CDC report reveals more than 45,000 Americans took their own lives in 2016

Getty Images

Getty Images

The CDC says that more than 45,000 Americans age 10 and older dying by suicide in 2016.

The CDC reports that about 45,000 people committed suicide in 2016 and that overall, rates were up more than 30 percent in at least 25 states when compared to 1999's figures.

Suicide rates have increased in almost every state over the past two decades, and half of the states have seen suicide rates go up more than 30 percent.

The report says that in 27 states, 54 percent of people who died by suicide did not have a known mental health condition - however, they note that individuals may have had mental health problems that were never diagnosed.

Life stressors like relationship problems, substance abuse and problems with physical health conditions were also prominent factors in suicides, the CDC's data showed.

Thomas Delaney, a faculty member at the University of Vermont's Larner College of Medicine who studies suicide, said Thursday that several aspects of Vermont life have been linked to higher rates of suicide. California had an increase of 14.8 percent - the fifth-smallest, after Delaware, Maryland, Florida and North Carolina.

Researchers say the nation's suicide rate is lowest in Washington D.C. and highest in Montana.

Democratic U.S. Sen. Claire McCaskill of Missouri said Monday that she is supporting federal legislation to provide funding for the U.S. Department of Agriculture to establish help lines and provide suicide prevention training for farm advocates.

McConnell Cancels Most of Senate’s August Recess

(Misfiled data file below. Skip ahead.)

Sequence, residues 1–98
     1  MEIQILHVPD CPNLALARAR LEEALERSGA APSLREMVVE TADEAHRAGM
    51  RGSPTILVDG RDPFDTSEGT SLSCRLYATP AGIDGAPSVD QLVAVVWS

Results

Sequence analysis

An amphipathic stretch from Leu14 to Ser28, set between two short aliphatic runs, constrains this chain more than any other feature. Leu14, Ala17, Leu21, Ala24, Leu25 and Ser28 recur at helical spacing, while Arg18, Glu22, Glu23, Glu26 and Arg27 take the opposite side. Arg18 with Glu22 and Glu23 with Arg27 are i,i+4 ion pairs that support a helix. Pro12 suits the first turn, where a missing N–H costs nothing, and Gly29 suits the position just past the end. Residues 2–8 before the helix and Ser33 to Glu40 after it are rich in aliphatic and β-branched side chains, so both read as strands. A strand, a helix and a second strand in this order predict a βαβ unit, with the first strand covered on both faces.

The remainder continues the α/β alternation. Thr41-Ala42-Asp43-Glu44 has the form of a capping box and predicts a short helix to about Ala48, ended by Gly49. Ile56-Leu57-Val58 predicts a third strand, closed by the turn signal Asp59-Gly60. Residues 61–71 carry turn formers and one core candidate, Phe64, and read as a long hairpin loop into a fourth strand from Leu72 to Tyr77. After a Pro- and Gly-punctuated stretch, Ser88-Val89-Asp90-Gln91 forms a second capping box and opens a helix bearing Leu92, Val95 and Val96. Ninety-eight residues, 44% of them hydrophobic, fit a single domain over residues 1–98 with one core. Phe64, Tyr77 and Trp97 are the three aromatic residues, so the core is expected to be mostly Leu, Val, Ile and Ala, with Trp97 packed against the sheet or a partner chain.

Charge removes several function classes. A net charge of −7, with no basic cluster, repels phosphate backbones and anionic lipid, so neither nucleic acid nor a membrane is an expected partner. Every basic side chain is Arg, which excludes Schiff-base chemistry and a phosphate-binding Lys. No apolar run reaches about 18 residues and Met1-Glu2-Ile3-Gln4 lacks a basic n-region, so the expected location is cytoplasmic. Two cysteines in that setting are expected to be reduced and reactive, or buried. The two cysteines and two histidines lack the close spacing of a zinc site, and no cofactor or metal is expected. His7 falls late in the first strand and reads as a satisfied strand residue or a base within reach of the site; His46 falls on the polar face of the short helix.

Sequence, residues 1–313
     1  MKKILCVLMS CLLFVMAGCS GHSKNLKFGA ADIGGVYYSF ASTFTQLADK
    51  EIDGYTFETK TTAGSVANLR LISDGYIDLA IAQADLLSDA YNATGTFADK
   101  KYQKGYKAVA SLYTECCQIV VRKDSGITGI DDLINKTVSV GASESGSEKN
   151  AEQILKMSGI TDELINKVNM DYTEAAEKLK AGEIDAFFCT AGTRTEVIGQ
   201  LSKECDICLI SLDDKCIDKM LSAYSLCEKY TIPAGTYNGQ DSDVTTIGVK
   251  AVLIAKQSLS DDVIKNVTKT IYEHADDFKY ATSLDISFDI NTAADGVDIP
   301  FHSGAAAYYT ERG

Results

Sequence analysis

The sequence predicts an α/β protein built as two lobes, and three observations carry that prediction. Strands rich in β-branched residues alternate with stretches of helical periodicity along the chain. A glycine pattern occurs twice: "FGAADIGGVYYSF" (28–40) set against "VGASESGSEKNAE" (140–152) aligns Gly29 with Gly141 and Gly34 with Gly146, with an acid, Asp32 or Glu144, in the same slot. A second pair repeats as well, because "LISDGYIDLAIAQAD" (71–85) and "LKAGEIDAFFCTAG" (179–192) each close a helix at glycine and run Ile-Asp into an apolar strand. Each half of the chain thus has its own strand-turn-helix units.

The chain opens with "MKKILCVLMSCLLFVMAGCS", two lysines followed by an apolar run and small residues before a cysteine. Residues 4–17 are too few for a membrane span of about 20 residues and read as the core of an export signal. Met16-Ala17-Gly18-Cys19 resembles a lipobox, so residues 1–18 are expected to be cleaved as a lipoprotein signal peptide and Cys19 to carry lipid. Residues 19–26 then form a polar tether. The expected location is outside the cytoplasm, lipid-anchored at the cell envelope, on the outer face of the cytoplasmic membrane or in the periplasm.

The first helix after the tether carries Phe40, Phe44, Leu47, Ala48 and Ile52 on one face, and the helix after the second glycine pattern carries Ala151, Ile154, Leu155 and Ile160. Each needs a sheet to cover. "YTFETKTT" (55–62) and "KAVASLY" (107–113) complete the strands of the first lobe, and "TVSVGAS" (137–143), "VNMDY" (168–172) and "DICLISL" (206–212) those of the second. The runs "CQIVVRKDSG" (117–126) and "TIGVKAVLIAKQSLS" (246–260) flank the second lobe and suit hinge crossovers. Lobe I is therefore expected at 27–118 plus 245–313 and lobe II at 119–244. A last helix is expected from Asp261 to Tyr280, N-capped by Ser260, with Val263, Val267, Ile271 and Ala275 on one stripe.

He warned that if they didn't bear fruit, he and his supporters "fully expect" to continue pushing their petition. Lawmakers are wary of a trade war, he said, but "we're not looking for a fight with the president".


Trends in suicides in many ways follow trends in mental health, yet more than half of suicide victims in 2016 had no known mental illness diagnosis at the time of their deaths.

"The shocking statistic is to see Oklahoma's rate has changed so significantly", said Julie Summers, Mental Health Association Oklahoma's director of outreach and prevention.

While the study emphasizes the need for more prevention resources, predicting suicides can be hard. You can find them here. "So, when you put those things together, it can be hard to find help even when you want it", Trisha Kajimura, Mental Health America of Hawai'i Executive Director, said. Suicide, Alzheimer's disease and drug overdoses are three leading causes of deaths with growing prevalence.

"People who attempt suicide are often acutely distressed or in crisis at that particular moment".

"Too many Kansans are lost to suicide each year", KDADS Secretary Tim Keck said. "They might actually bring up specifically that they're thinking of suicide".

The report also cites the need to reduce "access to lethal means" but without explicitly discussing firearms or controversial issues such as gun control legislation. That indicates a large portion weren't diagnosed, "which suggests to me that they're not getting the help they need", he said. Telling someone you care and want to help is always a good idea, and so is letting them do most of the talking about how they're feeling, without judging, shaming, or threatening. Asked whether that was a deliberate omission, because of the political climate surrounding gun control, Stone said that suicide rates have been increasing across all methods.

If you or someone you know needs help, contact the National Suicide Prevention Lifeline at 1-800-273-TALK (8255). However, teens who aren't likely to reach out could be internalizing what they see.

Latest News